Changing mid-row feels a little awkward, I think mostly because you have an expanse of stitches both ahead of you and behind you, and you’re needing to balance that along with the old yarn and the new yarn. It’s definitely doable, though, if probably not anyone’s preference, and it’s quite a lot like the above mid-stitch switch-out.

Again, you’ll want to stop halfway through the stitch; again, depending on the stitch you’re crocheting in, that might mean different things, but generally you want to stop before the final time you pull the yarn over your hook, but before you pull it through to complete the stitch. If you’re crocheting in single crochet, it should look as it does in the picture below:

img_2103

Now, using the new skein/ball of yarn, and leaving enough of a “tail” to weave in later, wrap the new yarn over the hook as you would if you were simply completing the stitch:

img_2104

Pull through, being sure that you’re using the new skein and not the old one (it can be surprisingly easy to mix this up when it’s the same colour):

img_2105

And continue on:

img_2109

You’ll need to pay a little more attention to the tension of the first few stitches, as it’s easy to either overcompensate for the sudden looseness in the fabric or to not compensate enough. I tend to leave most weaving in of ends to the end of a project, but if I’m changing mid-row I do it as soon as I have enough new fabric to weave them in. I find it helps a lot with maintaining the consistency of my stitches.

For those who hate weaving in the ends (which is, honestly, most of us), there is another way if you’re changing to the same colour mid-row: you can also carry the loose ends along with you and crochet around them as you go. I’m not a fan of this method myself; it feels a bit too “loose” to me and it disrupts the height of that row (the latter might be in my head). That said, whatever works for you is the best way for you to crochet, and many seasoned crocheters have a lot of success doing it that way. It’s absolutely worth experimenting with if you’re feeling like my favoured method isn’t quite right for you. I’ll still be over here obsessively weaving in my ends. 🙂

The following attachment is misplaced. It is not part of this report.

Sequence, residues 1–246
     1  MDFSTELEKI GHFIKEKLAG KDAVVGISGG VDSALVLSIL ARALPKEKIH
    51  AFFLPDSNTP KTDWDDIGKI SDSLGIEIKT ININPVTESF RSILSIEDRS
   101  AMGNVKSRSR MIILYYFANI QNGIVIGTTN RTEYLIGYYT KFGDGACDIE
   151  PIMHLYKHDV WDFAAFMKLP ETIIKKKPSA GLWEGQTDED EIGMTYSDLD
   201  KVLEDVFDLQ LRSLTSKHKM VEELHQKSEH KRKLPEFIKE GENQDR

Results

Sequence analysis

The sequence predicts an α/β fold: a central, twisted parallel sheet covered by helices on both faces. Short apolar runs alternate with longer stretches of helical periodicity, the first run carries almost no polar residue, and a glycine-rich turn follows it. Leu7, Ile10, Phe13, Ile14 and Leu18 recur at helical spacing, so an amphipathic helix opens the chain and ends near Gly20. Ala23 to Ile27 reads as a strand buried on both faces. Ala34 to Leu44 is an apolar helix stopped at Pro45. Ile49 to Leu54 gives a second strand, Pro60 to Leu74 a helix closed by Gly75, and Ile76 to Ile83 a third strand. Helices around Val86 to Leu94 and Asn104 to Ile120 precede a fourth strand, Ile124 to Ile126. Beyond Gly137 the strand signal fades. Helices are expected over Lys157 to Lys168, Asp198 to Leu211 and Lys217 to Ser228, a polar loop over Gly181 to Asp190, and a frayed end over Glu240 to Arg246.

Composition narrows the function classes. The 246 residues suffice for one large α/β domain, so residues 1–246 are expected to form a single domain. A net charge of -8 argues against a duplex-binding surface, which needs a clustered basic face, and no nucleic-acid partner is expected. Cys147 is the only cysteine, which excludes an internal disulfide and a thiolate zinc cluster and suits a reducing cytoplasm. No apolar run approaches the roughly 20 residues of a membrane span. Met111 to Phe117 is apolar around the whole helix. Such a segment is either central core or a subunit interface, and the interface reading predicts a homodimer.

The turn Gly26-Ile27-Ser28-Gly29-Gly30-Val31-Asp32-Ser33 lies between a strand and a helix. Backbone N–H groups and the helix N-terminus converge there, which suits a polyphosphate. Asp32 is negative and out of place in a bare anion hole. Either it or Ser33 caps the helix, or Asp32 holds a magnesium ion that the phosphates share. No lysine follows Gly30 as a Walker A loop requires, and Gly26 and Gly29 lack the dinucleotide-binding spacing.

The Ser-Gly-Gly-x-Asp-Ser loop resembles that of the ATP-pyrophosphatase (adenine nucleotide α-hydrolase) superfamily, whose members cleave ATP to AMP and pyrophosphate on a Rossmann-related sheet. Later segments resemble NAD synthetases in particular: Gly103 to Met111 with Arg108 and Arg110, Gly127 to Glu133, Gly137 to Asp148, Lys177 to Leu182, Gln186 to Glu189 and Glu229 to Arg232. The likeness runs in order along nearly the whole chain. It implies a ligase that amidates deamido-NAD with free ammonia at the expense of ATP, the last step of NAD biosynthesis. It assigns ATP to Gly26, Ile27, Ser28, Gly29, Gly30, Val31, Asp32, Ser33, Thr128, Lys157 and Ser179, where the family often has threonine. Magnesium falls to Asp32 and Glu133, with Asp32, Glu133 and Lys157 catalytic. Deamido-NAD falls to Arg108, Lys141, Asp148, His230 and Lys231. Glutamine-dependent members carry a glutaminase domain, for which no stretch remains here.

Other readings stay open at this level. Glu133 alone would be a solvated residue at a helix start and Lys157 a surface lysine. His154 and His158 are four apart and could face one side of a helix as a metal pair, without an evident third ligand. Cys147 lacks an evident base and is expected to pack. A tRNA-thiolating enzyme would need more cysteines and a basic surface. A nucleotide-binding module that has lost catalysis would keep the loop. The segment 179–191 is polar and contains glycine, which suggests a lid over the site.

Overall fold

Well done, friends!  Go forth and make many striped dishcloths and blankets and other wonderful things. I hope you’ll all meet me back here next Monday for learning double crochet (DC), and that you’ll leave a comment or send a note if anything isn’t completely clear, or if I can help out!

Be happy, healthy, and safe,

Maddy

PS – I’ve pulled the advertisements from my blog, because I realized how many of them (and I have no say on which ones are shown) were promoting fad diets/miracle weightloss or predatory sham medicine or get-rich-quick nonsense and I’m not cool with any of that. Instead, would you consider supporting me on Patreon? Even a dollar a month would be tremendously helpful in allowing me to keep this website/project going, and I’ll be forever grateful. Thanks!

3 thoughts on “Changing Yarn in Simple Crochet (How to Crochet part 4)”

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      And thanks so much for the nod in your latest post! I look forward to exploring your blog, it looks wonderful! 🙂

      Like

      1. My computer may have frozen, while viewing, it is almost as busy as me! No problem, my search this morning was due to the great sites I viewed! I look forward to having time to utilise your blogs! thankyou I have enjoyed building up my site!

        Like